12. Lance-tipped Darner (Aeshna constricta) (7/29, Prospect Hill)
  13. Black-tipped Darner (Aeshna tuberculifera) (7/26, Paine)
  14. Shadow Darner (Aeshna umbrosa) (9/12, WHS)
  15. Common Green Darner (Anax junius) (5/9, Lyman Pond)
  16. Common Baskettail (Epitheca cynosura) (5/29, yard)
  17. Prince Baskettail (Epitheca princeps) (6/15, UMass)
  18. Clamp-tipped Emerald (Somatochlora tenebrosa) (9/1, Met State)
  19. Calico Pennant (Celithemis elisa) (6/24, Met State)
  20. Eastern Pondhawk (Erythemis simplicicollis) (6/22, Paine)
  21. Common Whitetail (Plathemis lydia) (5/12, Prospect Hill)
  22. Slaty Skimmer (Libellula incesta) (7/14, Charles)
  23. Widow Skimmer (Libellula luctuosa) (8/2, Paine)
  24. Twelve-spotted Skimmer (Libellula pulchella) (6/24, Met State)
  25. Painted Skimmer (Libellula semifasciata) (6/21, Paine)
  26. Blue Dasher (Pachydiplax longipennis) (6/18, Lyman Pond)
  27. Eastern Amberwing (Perithemis tenera) (6/27, Hardy Pond)
  28. Ruby Meadowhawk (Sympetrum rubicundulum) (6/16, Met State)
  29. Band-winged Meadowhawk (Sympetrum semicinctum) (7/29, Prospect Hill)
  30. Autumn Meadowhawk (Sympetrum vicinum) (8/15, Prospect Hill)
  31. Black Saddlebags (Tramea lacerata) (8/1, Stanley)


  1. Black Swallowtail (Papilio polyxenes) (6/2, UMass Field Station)
  2. Eastern Tiger Swallowtail (Papilio glaucus) (5/21, Paine) (first Tiger sp. 5/8 Lincoln St)
  3. Spicebush Swallowtail (Papilio troilus) (6/28, Prospect Hill)
  4. Cabbage White (Pieris rapae) (4/23, Paine)
  5. Clouded Sulphur (Colias philodice) (5/8, Prospect Hill)
  6. Orange Sulphur (Colias eurytheme) (6/15, UMass)
  7. Harvester (Feniseca tarquinius) (9/18, Lyman)
  8. American Copper (Lycaena phlaeas) (6/11, Lot 1)
  9. Banded Hairstreak (Satyrium calanus) (6/21, Paine)
  10. Striped Hairstreak (Satyrium liparops) (7/31, Prospect Hill)
  11. Eastern Pine Elfin (Callophrys niphon) (5/8, Prospect Hill)
  12. Juniper Hairstreak (Callophrys gryneus) (7/29, Prospect Hill)
  13. Eastern Tailed-Blue (Everes comyntas) (6/11, Lot 1)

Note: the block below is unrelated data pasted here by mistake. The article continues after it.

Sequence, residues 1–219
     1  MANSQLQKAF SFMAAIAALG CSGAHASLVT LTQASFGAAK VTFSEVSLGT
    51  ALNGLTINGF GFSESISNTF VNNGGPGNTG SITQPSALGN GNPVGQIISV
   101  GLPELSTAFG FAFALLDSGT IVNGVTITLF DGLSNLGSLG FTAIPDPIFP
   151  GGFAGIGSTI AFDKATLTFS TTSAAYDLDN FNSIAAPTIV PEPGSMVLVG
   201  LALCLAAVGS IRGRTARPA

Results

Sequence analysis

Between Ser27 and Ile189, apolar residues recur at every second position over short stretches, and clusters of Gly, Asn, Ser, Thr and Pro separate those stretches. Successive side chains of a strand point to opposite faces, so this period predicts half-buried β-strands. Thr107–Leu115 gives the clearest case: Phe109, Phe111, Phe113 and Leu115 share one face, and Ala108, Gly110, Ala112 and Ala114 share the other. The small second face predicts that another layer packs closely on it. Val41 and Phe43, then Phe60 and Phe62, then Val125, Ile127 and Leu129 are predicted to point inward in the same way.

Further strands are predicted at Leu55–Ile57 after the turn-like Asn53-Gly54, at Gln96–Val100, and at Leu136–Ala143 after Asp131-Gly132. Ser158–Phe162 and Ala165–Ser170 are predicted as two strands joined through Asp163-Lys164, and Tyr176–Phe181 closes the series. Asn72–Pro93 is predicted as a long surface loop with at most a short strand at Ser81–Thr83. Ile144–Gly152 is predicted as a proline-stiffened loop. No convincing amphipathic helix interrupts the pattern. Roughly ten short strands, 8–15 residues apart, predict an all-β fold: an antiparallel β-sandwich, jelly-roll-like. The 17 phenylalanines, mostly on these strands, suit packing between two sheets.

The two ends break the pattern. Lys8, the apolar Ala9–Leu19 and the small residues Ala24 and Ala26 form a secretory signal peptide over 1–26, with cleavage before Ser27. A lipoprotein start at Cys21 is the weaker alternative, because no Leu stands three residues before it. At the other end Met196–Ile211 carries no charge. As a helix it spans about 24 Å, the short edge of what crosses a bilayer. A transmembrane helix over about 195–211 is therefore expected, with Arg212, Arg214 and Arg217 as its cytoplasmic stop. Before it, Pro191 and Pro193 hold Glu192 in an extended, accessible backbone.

14. Spring Azure (Celastrina ladon) (5/1, Met State)
  15. Summer Azure (Celastrina neglecta) (7/5, Paine)
  16. Pearl Crescent (Phyciodes tharos) (6/11, Lot 1)
  17. Eastern Comma (Polygonia comma) (6/21, Paine)
  18. Mourning Cloak (Nymphalis antiopa) (3/27, Paine)
  19. American Lady (Vanessa virginiensis) (5/29, yard)
  20. Red Admiral (Vanessa atalanta) (6/15, WHS)
  21. Red-spotted Purple (Limenitis arthemis) (6/24, Met State) this one had a mild white band, so Hybrid Admiral is more accurate
  22. Little Wood Satyr (Megisto cymela) (5/30, Paine)
  23. Common Ringlet (Coenonympha tullia/inornata) (5/30, Paine)
  24. Common Wood-Nymph (Cercyonis pegala) (7/29, Prospect Hill)
  25. Monarch (Danaus plexippus) (6/21, Paine)
  26. Silver-spotted Skipper* (Epagyreus clarus) (6/11, Lot 1)
  27. Hoary Edge (Achalarus lyciades) (6/19, Prospect Hill)
  28. Southern Cloudywing (Thorybes bathyllus) (6/22, Paine)
  29. Northern Cloudywing (Thorybes pylades) (6/19, Prospect Hill)
  30. Dreamy Duskywing (Erynnis icelus) (6/11, Lot 1)
  31. Juvenal’s Duskywing (Erynnis juvenalis) (5/7, Paine)
  32. Wild Indigo Duskywing (Erynnis baptise) (7/16, Prospect Hill)
  33. Common Sootywing (Pholisora catullus) (6/7, Waverly Oaks)
  34. Least Skipper (Ancyloxypha numitor) (6/11, Lot 1)
  35. European Skipper (Thymelicus lineola) (6/16, Paine)
  36. Fiery Skipper (Hylephila phyleus) (8/31, UMass)
  37. Peck’s Skipper (Polites peckius) (5/29, yard)
  38. Tawny-edged Skipper (Polites themistocles) (6/19, Prospect Hill)
  39. Long Dash (Polites mystic) (6/11, Lot 1)
  40. Northern Broken-Dash (Wallengrenia egeremet) (7/29, Prospect Hill)
  41. Hobomok Skipper (Poanes hobomok) (6/6, Paine)


  1. Whitetail Deer (6/30, Lot 1)
  2. Raccoon (4/2, Lexington St.)
  3. Gray Squirrel (1/1, yard)
  4. Eastern Chipmunk (2/28, yard)
  5. Eastern Cottontail (2/18, Charles)
  6. Woodchuck (7/2, Kennedy)
  7. Red Fox (11/??, Trapelo)

Other stuff

  • First yellowjacket 3/3 (Lyman Pond)
  • Wood Frog (4/1)
  • Spring Peeper (4/8)
  • Painted Turtle (4/9)
  • Snapping Turtle (5/3)
  • Garter Snake (4/21)
  • Grasshopper (5/7)
  • Bat (late date 11/29)

New Quiz

For 2008, I’m going to start a weekly quiz. It’ll be the Waltham Taxon of the Week and may include just about anything. I’ll attempt to post a picture once a week and the following week post some information about it and a new picture. I’ll attempt to actually take the picture during the week, in Waltham, although I may use some old ones if necessary. All will be from the right time frame at least.